Indexes on Computed Columns
SQL Server 2000 allows you to build indexes on computed columns in your tables. Computed columns can participate at any position of an index along with your other table columns, including in a PRIMARY KEY or UNIQUE constraint. To create an index on computed columns, the following SET statements must be set as shown:
SET ARITHABORT ON SET CONCAT_NULL_YIELDS_NULL ON SET QUOTED_IDENTIFIER ON SET ANSI_NULLS ON SET ANSI_PADDING ON SET ANSI_WARNINGS ON SET NUMERIC_ROUNDABORT OFF
If any of these seven SET options were not in effect when you created the table, you get the following message when you try to create an index on the computed column:
Server: Msg 1934, Level 16, State 1, Line 2 CREATE INDEX failed because the following SET options have incorrect settings: '<OPTION NAME>'.
Additionally, the functions in the computed column must be deterministic. A deterministic function is one that returns the same result every time it is called with the same set of input parameters (for information on which functions in SQL Server are deterministic, see Chapter 26, "Using Transact-SQL in SQL Server 2000").
When you create a clustered index on a computed column, it is no longer a virtual column in the table. The computed value for the column is stored in the data rows of the table. If you create a nonclustered index on a computed column, the computed value is stored in the nonclustered index rows but not in the data rows unless you also have a clustered index on the computed column.
Be aware of the overhead involved with indexes on computed columns. Updates to the columns that the computed columns are based on result in updates to the index on the computed column as well.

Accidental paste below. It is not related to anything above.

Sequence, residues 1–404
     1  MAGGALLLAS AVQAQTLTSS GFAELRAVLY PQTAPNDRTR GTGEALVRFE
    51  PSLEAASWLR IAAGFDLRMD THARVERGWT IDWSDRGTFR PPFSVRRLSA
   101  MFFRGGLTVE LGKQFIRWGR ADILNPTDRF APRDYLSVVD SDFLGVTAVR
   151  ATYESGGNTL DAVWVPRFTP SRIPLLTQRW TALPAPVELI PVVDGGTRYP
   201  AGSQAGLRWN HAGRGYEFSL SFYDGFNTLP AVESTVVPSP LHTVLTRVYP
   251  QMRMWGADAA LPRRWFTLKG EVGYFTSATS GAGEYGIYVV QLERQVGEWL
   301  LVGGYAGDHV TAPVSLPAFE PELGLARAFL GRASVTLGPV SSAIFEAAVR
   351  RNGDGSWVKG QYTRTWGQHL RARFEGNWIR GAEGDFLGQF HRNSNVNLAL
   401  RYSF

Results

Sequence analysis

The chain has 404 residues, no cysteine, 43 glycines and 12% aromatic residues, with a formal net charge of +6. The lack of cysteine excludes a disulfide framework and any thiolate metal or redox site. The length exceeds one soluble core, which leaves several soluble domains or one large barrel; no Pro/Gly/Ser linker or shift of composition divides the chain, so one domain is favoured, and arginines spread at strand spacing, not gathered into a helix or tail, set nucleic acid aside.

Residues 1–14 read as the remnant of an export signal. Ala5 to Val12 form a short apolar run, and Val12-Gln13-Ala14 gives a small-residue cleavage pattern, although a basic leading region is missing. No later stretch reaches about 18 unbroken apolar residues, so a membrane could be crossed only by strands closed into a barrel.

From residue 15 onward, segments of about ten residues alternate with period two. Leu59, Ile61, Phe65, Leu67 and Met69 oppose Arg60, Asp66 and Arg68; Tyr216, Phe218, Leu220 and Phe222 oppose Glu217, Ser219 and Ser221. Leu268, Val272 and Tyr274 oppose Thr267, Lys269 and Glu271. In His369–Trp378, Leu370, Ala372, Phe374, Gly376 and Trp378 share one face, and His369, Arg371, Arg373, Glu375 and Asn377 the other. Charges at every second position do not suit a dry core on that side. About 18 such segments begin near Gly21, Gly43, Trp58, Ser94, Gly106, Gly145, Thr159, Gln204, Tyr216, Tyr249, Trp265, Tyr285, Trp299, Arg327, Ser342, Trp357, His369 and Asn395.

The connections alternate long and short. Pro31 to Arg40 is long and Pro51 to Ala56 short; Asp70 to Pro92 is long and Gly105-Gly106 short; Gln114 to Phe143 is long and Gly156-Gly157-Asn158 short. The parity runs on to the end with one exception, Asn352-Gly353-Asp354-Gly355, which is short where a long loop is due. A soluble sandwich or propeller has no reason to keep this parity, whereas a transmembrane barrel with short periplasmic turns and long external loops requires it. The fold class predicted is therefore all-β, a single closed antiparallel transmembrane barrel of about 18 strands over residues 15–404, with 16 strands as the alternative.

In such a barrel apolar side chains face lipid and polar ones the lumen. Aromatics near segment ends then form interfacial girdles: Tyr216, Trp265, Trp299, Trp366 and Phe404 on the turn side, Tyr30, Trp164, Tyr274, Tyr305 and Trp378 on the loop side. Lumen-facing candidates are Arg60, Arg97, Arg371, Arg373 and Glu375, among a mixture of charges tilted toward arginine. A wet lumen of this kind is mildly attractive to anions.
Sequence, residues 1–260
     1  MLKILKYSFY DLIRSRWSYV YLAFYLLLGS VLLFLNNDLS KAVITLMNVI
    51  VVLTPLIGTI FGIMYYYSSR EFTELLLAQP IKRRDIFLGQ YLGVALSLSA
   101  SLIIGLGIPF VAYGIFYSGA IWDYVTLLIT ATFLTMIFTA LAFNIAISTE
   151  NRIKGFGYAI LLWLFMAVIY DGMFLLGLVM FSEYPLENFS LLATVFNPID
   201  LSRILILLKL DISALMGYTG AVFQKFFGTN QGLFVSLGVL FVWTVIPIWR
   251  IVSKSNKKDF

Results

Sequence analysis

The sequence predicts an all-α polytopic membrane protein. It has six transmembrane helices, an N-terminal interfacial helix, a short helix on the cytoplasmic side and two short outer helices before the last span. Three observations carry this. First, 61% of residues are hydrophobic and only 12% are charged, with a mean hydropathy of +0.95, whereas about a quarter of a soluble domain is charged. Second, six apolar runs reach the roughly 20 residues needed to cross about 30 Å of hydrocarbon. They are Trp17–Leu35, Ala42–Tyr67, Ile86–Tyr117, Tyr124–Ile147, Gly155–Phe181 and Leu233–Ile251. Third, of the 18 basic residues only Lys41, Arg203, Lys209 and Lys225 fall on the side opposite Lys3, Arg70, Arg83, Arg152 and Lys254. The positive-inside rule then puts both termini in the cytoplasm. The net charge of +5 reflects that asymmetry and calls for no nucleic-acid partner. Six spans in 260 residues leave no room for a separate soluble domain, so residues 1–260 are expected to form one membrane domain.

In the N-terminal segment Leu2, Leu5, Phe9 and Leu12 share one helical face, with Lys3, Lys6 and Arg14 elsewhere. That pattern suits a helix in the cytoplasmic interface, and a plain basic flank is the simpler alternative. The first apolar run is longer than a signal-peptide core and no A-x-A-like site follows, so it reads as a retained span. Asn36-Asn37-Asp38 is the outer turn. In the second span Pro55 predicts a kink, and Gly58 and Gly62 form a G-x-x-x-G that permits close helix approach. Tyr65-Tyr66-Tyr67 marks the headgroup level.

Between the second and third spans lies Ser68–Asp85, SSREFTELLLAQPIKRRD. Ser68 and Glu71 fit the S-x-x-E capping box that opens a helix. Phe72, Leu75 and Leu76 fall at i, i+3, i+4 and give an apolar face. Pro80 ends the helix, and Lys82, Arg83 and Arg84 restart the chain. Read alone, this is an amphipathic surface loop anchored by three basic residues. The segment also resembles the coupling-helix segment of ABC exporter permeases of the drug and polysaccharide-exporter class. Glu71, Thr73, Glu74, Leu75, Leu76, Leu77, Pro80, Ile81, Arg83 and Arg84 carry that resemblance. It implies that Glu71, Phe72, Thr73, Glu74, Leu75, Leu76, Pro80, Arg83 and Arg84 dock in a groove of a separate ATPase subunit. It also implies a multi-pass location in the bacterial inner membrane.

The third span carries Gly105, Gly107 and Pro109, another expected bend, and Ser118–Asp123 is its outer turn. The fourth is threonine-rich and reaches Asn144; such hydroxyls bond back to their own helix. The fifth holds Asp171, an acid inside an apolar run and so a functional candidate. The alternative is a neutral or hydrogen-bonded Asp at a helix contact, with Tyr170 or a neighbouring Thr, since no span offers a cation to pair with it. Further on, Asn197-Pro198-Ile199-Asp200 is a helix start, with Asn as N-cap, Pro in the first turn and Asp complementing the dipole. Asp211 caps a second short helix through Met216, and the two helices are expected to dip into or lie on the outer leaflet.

Indexes on computed columns can be useful when you need an index on large character fields. As discussed earlier, the smaller an index, the more efficient it is. You could create a computed column on the large character field using the CHECKSUM() function. CHECKSUM() generates a 4-byte integer that is relatively unique for character strings but not absolutely unique (different character strings can generate the same checksum, so when searching against the checksum, you need to include the character string as an additional search argument to ensure that you are matching the right row). The benefit is that you can create an index on the 4-byte integer generated by the CHECKSUM() that can be used to search against the character string, instead of having to create an index on the large character column itself. Listing 34.3 shows an example of applying this solution.
Listing 34.3 Using an Index on a Computed Checksum Column
-- First add the computed column to the table alter table titles add title_checksum as CHECKSUM(title) go -- Next, create an index on the computed column create index NC_titles_titlechecksum on titles(title_checksum) go -- In your queries, include both the checksum column and the title column in -- your search argument select title_id, ytd_sales from titles where title_checksum = checksum('Fifty Years in Buckingham Palace Kitchens') and title = 'Fifty Years in Buckingham Palace Kitchens'